Stand Your Ground Defense in Florida

Stand Your Ground is a defense to some criminal charges in Florida. There is a high profile stand your ground case in Florida where a defendant shot someone in a parking lot dispute. The Stand Your Ground Defense Trial Live Feed is below. Beneath the video feed we have summarized what is needed to successfully establish self defense use of physical force, weapons, and firearms under state law.

 

According to CourtTV, “It all happened because of a parking spot dispute. Michael Drejka fatally shot Markeis McGlockton outside a local convenience store.” The network contends, “Shortly before the shooting, Drejka had confronted McGlockton’s girlfriend, Britany Jacobs, for using a disabled parking space with a permit. McGlockton came out of the store and pushed Drejka resulting in Drejka falling to the ground. Drejka drew his firearm and shot McGlockton. McGlockton later died from his injuries at a local hospital.”

Stand Your Ground Defense

Florida Law on Stand Your Ground “a person is justified in using or threatening to use force, except deadly force, against another when and to the extent that the person reasonably believes that such conduct is necessary to defend himself or herself or another against the other’s imminent use of unlawful force.”

In short, a person is justified in the use of non-deadly force  and “does not have a duty to retreat before using or threatening to use such force.” The potential defendant probably will have to testify since hearsay evidence is inadmissible at such hearing.

 

Use of Deadly Force Law in Florida

 

“A person is justified in using or threatening to use deadly force if he or she reasonably believes that using or threatening to use such force is necessary to prevent imminent death or great bodily harm to himself or herself or another or to prevent the imminent commission of a forcible felony. A person who uses or threatens to use deadly force in accordance with this subsection does not have a duty to retreat and has the right to stand his or her ground if the person using or threatening to use the deadly force is not engaged in a criminal activity and is in a place where he or she has a right to be.”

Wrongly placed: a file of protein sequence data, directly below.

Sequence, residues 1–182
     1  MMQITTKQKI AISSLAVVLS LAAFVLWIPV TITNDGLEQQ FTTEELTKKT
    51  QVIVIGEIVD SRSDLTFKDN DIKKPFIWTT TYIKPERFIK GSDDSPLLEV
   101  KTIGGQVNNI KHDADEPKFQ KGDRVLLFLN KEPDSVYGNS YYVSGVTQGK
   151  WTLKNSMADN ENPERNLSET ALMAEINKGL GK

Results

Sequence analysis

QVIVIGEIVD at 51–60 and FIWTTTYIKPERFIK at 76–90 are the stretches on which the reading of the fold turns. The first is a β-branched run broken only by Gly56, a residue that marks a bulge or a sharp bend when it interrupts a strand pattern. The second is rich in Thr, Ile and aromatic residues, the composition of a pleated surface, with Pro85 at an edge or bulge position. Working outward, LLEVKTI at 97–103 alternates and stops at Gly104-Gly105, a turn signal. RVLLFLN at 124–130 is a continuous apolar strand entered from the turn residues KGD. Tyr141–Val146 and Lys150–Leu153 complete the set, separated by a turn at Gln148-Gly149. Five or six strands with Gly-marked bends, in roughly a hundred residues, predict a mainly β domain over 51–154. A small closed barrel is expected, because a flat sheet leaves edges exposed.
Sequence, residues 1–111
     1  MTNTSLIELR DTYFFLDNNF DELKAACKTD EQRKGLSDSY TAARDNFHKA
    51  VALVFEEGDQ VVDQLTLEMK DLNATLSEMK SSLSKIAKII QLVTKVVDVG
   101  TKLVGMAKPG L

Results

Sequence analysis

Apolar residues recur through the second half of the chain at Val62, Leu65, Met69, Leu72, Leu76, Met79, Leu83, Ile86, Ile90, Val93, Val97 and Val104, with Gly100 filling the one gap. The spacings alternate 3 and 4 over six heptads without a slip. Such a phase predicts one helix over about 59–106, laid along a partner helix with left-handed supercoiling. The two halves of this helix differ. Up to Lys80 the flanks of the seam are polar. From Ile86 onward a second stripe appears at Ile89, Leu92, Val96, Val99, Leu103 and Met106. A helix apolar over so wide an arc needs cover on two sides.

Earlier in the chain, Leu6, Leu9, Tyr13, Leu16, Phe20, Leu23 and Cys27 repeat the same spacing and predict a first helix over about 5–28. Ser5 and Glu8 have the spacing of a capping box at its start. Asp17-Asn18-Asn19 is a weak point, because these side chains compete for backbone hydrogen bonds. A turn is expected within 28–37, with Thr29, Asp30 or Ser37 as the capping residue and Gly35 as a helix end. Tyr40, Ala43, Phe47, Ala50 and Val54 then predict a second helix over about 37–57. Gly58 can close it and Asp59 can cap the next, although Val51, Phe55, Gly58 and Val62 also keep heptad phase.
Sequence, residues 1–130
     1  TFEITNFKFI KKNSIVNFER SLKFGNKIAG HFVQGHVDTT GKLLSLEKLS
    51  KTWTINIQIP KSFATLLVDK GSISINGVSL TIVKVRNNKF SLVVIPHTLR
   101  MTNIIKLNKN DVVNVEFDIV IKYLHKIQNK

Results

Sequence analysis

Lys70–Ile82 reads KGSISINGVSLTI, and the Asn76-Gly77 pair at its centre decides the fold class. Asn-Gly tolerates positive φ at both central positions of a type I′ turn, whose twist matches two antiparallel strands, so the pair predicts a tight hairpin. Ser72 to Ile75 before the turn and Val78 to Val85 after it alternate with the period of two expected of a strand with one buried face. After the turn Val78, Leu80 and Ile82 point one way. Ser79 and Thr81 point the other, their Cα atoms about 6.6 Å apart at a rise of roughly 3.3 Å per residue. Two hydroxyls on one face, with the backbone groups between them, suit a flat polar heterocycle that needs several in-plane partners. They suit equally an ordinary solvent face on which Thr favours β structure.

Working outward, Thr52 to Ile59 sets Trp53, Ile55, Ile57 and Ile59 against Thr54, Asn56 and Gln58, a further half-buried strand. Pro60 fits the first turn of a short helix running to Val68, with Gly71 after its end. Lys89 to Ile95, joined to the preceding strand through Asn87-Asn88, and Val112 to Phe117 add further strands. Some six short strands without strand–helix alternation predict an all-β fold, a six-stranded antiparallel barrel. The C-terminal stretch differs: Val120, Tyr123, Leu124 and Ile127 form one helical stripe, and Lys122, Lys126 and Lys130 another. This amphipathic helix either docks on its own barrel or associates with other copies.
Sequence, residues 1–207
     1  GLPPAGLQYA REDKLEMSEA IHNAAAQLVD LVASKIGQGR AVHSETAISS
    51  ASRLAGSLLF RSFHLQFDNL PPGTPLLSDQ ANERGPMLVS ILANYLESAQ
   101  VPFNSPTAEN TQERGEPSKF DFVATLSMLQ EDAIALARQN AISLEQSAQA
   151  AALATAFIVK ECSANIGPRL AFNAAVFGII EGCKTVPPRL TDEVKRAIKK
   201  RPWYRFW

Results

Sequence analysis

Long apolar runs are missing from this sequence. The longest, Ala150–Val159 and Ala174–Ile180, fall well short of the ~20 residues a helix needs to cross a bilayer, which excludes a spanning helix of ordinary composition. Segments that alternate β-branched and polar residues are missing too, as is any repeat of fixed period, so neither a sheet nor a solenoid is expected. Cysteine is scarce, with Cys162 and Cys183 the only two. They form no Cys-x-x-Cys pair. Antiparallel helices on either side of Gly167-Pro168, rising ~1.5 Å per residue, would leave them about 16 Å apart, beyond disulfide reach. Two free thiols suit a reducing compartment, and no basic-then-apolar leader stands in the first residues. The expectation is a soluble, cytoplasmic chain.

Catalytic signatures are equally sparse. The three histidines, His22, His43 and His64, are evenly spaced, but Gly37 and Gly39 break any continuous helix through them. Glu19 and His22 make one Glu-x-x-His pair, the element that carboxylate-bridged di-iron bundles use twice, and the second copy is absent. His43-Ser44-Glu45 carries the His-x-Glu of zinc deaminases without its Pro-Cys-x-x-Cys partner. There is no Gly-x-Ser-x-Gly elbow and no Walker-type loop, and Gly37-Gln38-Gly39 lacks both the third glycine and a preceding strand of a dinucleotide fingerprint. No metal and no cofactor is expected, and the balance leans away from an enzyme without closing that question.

https://www.flsenate.gov/Laws/Statutes/2018/776.012

Stand Your Ground Defense Trial Live Feed

 

STANDARD OF REVIEW FOR STAND YOUR GROUND HEARINGS

 

“A person who uses or threatens to use force as permitted in § 776.012″ ” is immune from criminal prosecution.” §776.032. When a defendant asserts statutory immunity, the burden of proof by clear and convincing evidence is on the party seeking to overcome the immunity from criminal prosecution provided in subsection (1).
Under § 776.012(1), ” a person is justified in using or threatening to use force, except deadly force, against another when and to the extent that the person reasonably believes that such conduct is necessary to defend himself or herself or another against the other’s imminent use of unlawful force.” A person who is justified in the use of non-deadly force “does not have a duty to retreat before using or threatening to use such force. ” Id.

 

“An objective standard is applied to determine whether the immunity provided by these provisions attaches.” Mobley v. State, 132 So.3d 1160, 1164 (Fla. 3d DCA 2014). ” That standard requires the court to determine whether, based on circumstances as they appeared to the defendant when,he or she acted, a reasonable and prudent person situated in the same circumstances and knowing what the defendant knew would have used the same force as did the defendant. ” Id. 1164-1165.

 

ADMISSIBILITY OF EVIDENCE FOR STAND YOUR GROUND HEARINGS

 

A defendant has the right to a pretrial evidentiary hearing on his motion to dismiss based on §776.032 immunity. Satyanand v. State, 147 So.3d 662,663 (Fla. 5th DCA 2014). Hearsay evidence is inadmissible at such hearing. McDaniel v. State 24 So. 3d 654, 657-658 (Fla. 2d DCA 2009).

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